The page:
Courts in N.J. county to be led by Black woman judge, a first for state’s largest vicinage

Posted Dec 17, 2020

A Superior Court judge who once presided over the criminal division in Hudson County has been chosen to lead the courts in the Essex Vicinage.

New Jersey Supreme Court Chief Justice Stuart Rabner on Wednesday tapped Superior Court Judge Sheila A. Venable to be Essex vicinage’s next assignment judge, effective Feb. 1, 2021. She is the first Black assignment judge in the Essex vicinage, the largest of New Jersey’s 15 court vicinages with 811 employees.

Venable will succeed Superior Court Judge Sallyanne Floria, who is retiring after 22 years on the bench and about five years as assignment judge.

“I would like to thank Chief Justice Rabner for his confidence in my ability to serve as the assignment judge in Essex County,” Venable said in a statement. “Judge Floria has set a strong example to follow. I am humbled and honored to have been chosen and I feel privileged to be a part of this independent judiciary.”

An assignment judge oversees budgets, personnel needs and facilities. They also manage administrative duties for the county surrogate and deputy clerk of the Superior Court. Each assignment judge reports directly to the chief justice, who appoints presiding judges in consultation with the head of a vicinage.

Venable is currently a drug court judge in Hudson County. She previously served in the family division and was the presiding judge of the criminal division in the Hudson Vicinage from 2008 to 2018. As a criminal judge, she sentenced former Paterson Mayor Jose “Joey” Torres to five years.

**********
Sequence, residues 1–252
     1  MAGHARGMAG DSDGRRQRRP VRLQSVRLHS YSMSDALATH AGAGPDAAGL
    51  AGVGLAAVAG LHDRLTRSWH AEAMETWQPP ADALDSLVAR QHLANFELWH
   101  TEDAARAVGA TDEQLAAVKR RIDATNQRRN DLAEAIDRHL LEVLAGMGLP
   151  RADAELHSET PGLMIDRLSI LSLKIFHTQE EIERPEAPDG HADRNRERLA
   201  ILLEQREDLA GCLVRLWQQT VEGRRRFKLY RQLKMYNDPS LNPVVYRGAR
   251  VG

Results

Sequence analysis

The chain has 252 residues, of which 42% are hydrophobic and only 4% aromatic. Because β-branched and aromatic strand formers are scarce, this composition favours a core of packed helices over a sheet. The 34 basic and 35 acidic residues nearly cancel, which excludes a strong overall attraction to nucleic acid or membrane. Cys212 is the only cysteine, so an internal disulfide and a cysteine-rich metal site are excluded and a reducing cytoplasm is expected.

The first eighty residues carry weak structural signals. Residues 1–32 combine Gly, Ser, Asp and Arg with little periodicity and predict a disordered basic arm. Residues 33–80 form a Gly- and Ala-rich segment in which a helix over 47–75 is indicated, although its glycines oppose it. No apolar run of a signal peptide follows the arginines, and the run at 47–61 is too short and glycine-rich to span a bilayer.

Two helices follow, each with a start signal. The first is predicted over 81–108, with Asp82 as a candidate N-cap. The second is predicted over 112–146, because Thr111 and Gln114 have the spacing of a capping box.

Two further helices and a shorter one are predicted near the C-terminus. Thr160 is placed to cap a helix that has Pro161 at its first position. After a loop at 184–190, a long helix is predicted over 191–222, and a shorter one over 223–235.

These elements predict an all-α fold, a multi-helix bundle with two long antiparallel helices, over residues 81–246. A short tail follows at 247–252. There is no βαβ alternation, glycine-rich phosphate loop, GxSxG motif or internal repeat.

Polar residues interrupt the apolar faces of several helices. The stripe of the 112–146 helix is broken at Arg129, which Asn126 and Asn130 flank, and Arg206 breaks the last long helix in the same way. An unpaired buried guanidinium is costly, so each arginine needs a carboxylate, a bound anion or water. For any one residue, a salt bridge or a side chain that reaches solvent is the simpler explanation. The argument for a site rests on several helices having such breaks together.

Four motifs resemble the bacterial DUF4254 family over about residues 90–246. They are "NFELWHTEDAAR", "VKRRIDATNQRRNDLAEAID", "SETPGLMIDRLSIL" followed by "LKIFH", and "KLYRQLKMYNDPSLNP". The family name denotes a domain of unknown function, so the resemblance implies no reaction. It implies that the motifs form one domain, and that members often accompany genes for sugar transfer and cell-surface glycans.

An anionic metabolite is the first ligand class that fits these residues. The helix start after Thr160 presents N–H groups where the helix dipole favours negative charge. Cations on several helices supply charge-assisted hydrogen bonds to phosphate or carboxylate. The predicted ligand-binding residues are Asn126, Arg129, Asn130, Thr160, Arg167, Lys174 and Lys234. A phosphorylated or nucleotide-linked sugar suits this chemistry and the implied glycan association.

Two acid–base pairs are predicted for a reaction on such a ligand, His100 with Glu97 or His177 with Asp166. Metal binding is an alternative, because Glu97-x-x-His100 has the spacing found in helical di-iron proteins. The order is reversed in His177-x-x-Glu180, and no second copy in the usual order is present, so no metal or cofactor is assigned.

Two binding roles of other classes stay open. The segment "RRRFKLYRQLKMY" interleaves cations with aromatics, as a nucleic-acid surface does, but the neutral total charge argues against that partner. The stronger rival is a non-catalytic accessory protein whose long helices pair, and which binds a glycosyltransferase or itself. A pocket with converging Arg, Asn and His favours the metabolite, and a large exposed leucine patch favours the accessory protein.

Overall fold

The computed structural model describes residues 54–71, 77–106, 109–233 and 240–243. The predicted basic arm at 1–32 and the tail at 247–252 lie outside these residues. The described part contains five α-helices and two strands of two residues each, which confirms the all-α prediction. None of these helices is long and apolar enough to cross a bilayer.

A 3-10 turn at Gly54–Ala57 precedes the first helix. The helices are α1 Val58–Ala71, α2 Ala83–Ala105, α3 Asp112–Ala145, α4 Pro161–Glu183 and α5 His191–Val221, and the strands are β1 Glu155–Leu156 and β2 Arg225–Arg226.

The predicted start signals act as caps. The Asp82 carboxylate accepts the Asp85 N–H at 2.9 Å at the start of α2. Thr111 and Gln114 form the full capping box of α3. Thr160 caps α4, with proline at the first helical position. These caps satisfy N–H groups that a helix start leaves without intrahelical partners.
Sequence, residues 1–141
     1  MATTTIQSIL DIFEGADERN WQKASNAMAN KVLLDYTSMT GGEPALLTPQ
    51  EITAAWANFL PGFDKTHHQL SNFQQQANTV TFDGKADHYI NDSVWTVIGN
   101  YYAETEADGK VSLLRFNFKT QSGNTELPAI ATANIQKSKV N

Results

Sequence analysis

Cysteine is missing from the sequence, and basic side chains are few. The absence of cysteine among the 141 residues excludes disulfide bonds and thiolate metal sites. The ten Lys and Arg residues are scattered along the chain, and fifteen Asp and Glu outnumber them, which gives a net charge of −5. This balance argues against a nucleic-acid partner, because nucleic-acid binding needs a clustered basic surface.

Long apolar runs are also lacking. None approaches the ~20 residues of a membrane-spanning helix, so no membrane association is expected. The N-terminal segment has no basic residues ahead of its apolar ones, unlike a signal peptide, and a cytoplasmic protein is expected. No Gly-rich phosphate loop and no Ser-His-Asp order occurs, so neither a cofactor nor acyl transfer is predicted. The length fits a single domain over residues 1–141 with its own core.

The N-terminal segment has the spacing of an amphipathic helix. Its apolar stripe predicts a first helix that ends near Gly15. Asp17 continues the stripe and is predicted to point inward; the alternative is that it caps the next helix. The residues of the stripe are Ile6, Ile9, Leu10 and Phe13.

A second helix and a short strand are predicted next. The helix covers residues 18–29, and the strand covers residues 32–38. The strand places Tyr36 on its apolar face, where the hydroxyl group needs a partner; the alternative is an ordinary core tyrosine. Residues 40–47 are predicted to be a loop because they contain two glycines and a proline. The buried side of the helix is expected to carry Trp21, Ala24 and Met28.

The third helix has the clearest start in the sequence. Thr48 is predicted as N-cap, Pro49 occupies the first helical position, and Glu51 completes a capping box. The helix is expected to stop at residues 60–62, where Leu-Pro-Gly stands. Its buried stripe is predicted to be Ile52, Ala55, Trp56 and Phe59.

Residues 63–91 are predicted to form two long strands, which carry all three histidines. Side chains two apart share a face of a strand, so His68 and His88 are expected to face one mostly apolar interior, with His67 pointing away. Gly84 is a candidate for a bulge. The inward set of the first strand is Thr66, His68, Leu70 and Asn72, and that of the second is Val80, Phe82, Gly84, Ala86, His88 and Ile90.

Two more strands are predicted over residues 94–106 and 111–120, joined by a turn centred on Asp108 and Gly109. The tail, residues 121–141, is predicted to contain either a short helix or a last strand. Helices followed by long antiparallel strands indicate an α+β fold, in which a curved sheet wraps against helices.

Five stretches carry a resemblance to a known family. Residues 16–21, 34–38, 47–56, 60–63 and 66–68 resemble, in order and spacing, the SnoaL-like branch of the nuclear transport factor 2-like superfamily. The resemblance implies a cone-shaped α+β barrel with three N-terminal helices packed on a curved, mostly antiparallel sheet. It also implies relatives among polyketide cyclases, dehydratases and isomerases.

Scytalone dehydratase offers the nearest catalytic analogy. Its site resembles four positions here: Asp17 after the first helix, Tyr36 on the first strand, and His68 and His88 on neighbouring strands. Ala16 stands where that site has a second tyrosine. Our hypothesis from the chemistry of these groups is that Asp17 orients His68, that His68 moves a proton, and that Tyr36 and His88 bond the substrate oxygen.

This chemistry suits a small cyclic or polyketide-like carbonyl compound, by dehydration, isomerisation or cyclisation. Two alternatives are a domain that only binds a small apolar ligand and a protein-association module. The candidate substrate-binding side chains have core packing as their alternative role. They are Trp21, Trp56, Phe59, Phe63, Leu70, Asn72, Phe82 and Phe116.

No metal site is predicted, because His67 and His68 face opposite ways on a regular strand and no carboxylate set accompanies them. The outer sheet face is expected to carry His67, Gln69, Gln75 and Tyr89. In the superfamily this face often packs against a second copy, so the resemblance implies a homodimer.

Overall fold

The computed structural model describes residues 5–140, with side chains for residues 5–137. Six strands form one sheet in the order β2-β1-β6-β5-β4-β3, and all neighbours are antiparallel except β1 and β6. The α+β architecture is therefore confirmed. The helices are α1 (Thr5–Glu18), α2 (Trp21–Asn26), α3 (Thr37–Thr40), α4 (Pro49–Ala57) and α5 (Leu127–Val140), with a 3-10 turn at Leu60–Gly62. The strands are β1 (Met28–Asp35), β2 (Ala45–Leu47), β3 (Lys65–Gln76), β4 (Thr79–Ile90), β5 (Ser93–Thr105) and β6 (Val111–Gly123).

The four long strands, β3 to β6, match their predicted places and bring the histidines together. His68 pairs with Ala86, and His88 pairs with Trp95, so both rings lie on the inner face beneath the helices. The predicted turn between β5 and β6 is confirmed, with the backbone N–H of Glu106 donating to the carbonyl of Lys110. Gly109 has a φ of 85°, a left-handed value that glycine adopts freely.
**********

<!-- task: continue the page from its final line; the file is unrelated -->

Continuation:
She was appointed to the bench in 2005 by former Gov. Richard Codey and was reappointed by Gov. Chris Christie. She received tenure in 2011.

“Judge Venable’s distinguished career has been marked by excellence, strong leadership, and empathy – qualities that will serve the State’s largest vicinage and the public well,” said Rabner, the chief justice. “Essex County, and the Judiciary as a whole, are fortunate to have such a gifted jurist continue to maintain the highest standards Judge Floria exemplified.”

Venable’s legal career has roots in Jersey City. There, she worked as a public defender in the 1980s and became a municipal assistant prosecutor, chief municipal prosecutor and then served as a municipal court judge from 1993 to 2005.

She earned her bachelor’s degree in political science with an emphasis in public administration at California State University Northridge. She received her law degree at the University of Santa Clara.

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published this page in News and Politics 2020-12-18 02:52:44 -0800